The Owl: History Repeats (Hopefully)

It has been said that ignoring history dooms us to repeat it. Perhaps "doom" is the wrong word. The Owl has found a point in Browns history that might resemble the present for one new Browns player... and hopefully does...

This column is about the inexact science of drafting college football players and why no one should write off Jerome Harrison just because the Browns didn't get around to drafting the running back from Washington State until the fifth round.

Baby boomers - and sons and daughters of baby boomers - be honest. Did you know prior to 1964 that a college named Morgan State even existed?

Morgan State is the alma mater of the Browns' greatest running back since Jim Brown - Leroy Kelly. The Browns didn't get around to taking him until the eighth round in 1964. It was the same year they drafted Paul Warfield in the first round. They also drafted Billy Truax, Don Shackleford, Richard Klein and Sammy Odoms before taking Kelly.

Unlike the present day NFL, if a drafted player was no good he got cut. Truax, Shackleford, Klein and Odoms never played in a regular season game for the Browns.

The draft in 1964 was nothing like it is today. ESPN did not exist, and there was virtually no national coverage of what is now second only to the Super Bowl as a spectacle for the National Football League.

Kelly didn't even realize he had been drafted until 24 hours later when a friend told him he had seen Kelly's name in the newspaper while reading a list of players that had been selected.

"I knew the Browns were interested, but I didn't know it until I was going to my room the next day and my friend told me about it," Kelly said from his home in Willingboro N.J., a Philadelphia suburb. "I thought he was kidding, because I wasn't drafted by the American Football League in their draft two weeks earlier.

"Then the Browns' head scout, Paul Bixler, got in touch with me. He and my coach Earl Banks and I got together for dinner and discussed the whole situation."

Kelly found four other running backs in Hiram when he arrived for his first training camp – Jim Brown, Ernie Green, Charlie Scales and Kenny Webb. Coach Blanton Collier would keep four and Green, Brown and Scales had jobs secured. In the end, Webb made it easy because he balked at the money the Browns offered, so he was cut.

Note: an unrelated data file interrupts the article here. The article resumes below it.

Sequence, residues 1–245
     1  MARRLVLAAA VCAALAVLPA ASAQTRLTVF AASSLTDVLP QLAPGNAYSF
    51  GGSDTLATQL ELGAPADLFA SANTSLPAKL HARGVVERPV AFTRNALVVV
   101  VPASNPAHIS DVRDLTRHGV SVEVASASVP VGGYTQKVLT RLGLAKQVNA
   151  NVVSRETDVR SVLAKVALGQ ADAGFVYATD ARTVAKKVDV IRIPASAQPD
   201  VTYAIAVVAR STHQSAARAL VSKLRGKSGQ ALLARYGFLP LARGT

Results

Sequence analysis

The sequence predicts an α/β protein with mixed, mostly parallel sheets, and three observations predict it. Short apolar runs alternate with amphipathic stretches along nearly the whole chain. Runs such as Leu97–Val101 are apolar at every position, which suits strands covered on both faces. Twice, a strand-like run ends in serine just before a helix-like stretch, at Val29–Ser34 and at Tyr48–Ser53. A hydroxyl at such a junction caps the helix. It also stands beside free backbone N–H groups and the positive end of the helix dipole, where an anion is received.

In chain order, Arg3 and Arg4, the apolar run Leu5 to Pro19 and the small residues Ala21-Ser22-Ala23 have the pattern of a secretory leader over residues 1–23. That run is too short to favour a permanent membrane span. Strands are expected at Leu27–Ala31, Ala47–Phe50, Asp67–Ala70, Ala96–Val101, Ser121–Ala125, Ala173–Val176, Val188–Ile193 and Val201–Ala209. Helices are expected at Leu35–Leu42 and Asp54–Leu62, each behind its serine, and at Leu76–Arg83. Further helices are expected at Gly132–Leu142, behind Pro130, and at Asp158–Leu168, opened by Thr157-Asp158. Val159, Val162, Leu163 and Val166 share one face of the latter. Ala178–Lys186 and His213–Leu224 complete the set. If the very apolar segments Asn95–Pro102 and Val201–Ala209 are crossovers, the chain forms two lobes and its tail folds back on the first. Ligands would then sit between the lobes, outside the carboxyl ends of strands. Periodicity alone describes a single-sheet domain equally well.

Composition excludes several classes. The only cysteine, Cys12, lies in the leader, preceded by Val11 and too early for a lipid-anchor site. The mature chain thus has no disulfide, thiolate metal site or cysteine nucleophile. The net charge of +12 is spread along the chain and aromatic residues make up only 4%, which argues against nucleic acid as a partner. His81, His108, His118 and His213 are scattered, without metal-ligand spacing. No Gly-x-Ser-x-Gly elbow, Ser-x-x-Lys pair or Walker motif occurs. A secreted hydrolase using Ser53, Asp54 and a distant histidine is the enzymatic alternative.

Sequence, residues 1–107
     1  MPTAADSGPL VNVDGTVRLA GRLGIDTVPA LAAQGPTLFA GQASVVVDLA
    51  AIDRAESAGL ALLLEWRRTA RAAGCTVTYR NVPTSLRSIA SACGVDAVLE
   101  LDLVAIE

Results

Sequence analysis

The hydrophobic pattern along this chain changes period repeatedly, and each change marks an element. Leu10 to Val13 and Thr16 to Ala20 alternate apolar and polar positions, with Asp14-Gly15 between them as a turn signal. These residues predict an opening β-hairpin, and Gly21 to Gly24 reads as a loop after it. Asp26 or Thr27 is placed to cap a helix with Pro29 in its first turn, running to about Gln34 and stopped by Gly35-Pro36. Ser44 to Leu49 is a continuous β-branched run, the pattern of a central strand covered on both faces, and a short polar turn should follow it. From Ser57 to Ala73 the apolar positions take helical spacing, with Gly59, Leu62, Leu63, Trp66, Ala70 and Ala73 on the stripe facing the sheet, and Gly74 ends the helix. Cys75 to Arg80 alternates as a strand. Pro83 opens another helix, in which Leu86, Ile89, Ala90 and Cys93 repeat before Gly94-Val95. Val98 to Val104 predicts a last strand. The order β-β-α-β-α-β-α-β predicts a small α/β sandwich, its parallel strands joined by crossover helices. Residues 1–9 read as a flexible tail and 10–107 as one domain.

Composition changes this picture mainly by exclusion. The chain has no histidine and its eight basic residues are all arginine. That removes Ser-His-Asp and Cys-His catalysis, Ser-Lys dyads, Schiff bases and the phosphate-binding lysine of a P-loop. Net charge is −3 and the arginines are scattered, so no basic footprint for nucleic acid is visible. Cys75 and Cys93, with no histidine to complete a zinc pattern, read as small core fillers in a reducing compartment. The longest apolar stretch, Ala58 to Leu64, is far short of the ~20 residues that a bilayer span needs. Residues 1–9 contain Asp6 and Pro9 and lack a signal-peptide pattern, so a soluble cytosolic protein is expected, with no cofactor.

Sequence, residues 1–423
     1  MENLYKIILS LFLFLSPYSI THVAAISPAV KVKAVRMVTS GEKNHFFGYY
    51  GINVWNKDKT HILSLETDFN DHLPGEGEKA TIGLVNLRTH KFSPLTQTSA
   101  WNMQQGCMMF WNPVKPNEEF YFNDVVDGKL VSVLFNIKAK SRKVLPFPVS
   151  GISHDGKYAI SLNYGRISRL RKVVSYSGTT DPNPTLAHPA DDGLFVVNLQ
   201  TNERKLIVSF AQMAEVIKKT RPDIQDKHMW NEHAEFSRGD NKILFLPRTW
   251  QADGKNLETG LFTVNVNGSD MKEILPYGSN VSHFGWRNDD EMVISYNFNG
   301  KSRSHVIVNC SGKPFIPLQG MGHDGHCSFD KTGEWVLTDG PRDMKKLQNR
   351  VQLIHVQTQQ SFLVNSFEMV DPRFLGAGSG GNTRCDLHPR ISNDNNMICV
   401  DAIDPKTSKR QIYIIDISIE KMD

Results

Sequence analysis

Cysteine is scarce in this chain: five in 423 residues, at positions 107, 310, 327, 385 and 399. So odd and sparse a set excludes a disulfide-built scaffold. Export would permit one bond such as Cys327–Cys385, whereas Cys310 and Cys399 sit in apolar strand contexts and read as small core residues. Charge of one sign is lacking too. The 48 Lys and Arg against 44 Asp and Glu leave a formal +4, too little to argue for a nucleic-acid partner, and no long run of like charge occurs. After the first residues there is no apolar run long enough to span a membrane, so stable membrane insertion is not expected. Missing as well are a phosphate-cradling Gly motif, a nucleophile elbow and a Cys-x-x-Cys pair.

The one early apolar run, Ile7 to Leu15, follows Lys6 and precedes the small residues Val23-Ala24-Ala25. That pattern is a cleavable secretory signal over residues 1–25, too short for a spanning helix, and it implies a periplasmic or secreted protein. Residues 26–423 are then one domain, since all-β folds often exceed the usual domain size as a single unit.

"Jim kind of sat back and assessed the rookies," Kelly said. "If he knew you could possibly help the team, he started talking to you. He assessed that early in camp.

"One night he came to Walter Roberts and me and asked if we wanted to go for a ride with him. He took us to an ice cream stand in a little city outside of Hiram. We did some talking, so we knew he thought we were capable of making the team."

No one knew in 1964 that Brown would play only two more seasons. Kelly carried only six times for 12 yards as a rookie, but he was lethal as a punt and kick returner. He averaged 19 yards on nine punt returns and 24.3 yards a kick return while sharing duties with Roberts, better known as "The Flea."

Kelly did not see a lot of action offensively in the 1964 championship game against the Colts. Obviously with the final score 27-0 Browns, the Colts kicked off only once. Roberts returned the ball 21 yards. Roberts' 13-yard return was the only punt return of game for the Browns.

Brown, however, praised Kelly for his kick and punt coverage in the championship game. Linebacker Jim Houston said the Browns would not have played for the title without Kelly as a punt returner.

"We had an exceptional performance by all the players in the championship game," Houston said. "We took it within ourselves to do the job. But, in order to get us there, the team concept, forget about it, because there was one guy, as far as I'm concerned, that put us there, and that was Leroy Kelly.

"I only say that because football is field position. Every time Leroy caught the ball he was 110 miles an hour. He always put us in field position. That's what made our success in 1964."

Harrison will not return punts or kicks for the Browns in 2006. Those jobs belong to Dennis Northcutt and Joshua Cribbs respectively.

But Harrison is entering the NFL with something to prove, just as Kelly did, and he is starting behind a proven runner (Reuben Droughns) just as Kelly did.

For Browns fans, this would be a great time for history to repeat itself. After that slow start of 12 yards rushing on six carries as a rookie, Kelly rushed for 7,262 yards in the next nine seasons on his way to the Pro Football Hall of Fame.

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